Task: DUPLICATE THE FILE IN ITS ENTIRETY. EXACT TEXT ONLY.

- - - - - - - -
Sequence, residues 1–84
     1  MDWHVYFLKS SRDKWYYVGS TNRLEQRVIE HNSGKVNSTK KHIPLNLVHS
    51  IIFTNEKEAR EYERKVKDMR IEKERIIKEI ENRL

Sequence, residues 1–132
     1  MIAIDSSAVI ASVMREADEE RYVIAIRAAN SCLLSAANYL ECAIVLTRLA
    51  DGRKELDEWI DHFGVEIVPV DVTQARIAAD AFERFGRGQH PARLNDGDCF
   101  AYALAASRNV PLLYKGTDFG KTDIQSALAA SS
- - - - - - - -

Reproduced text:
Sequence, residues 1–84
     1  MDWHVYFLKS SRDKWYYVGS TNRLEQRVIE HNSGKVNSTK KHIPLNLVHS
    51  IIFTNEKEAR EYERKVKDMR IEKERIIKEI ENRL

Sequence, residues 1–132
     1  MIAIDSSAVI ASVMREADEE RYVIAIRAAN SCLLSAANYL ECAIVLTRLA
    51  DGRKELDEWI DHFGVEIVPV DVTQARIAAD AFERFGRGQH PARLNDGDCF
   101  AYALAASRNV PLLYKGTDFG KTDIQSALAA SS